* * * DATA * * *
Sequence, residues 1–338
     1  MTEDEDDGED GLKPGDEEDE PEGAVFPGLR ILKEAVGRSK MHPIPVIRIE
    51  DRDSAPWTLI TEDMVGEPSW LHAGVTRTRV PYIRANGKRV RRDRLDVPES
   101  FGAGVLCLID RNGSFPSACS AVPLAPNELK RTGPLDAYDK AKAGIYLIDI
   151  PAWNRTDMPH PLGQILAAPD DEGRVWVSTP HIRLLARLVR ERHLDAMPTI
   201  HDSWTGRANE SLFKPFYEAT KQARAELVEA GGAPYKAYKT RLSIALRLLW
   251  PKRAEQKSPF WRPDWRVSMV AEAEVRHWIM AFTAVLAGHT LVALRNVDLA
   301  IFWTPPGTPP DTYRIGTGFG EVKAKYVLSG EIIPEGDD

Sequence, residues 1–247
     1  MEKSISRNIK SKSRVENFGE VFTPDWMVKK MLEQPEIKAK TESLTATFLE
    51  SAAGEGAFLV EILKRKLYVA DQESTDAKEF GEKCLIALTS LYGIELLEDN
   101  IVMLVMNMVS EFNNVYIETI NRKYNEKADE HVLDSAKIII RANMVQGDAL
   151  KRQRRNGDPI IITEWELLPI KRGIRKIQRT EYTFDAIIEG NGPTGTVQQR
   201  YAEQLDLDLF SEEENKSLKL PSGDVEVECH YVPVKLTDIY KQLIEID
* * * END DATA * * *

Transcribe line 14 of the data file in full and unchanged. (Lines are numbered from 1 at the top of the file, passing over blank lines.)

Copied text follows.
   201  YAEQLDLDLF SEEENKSLKL PSGDVEVECH YVPVKLTDIY KQLIEID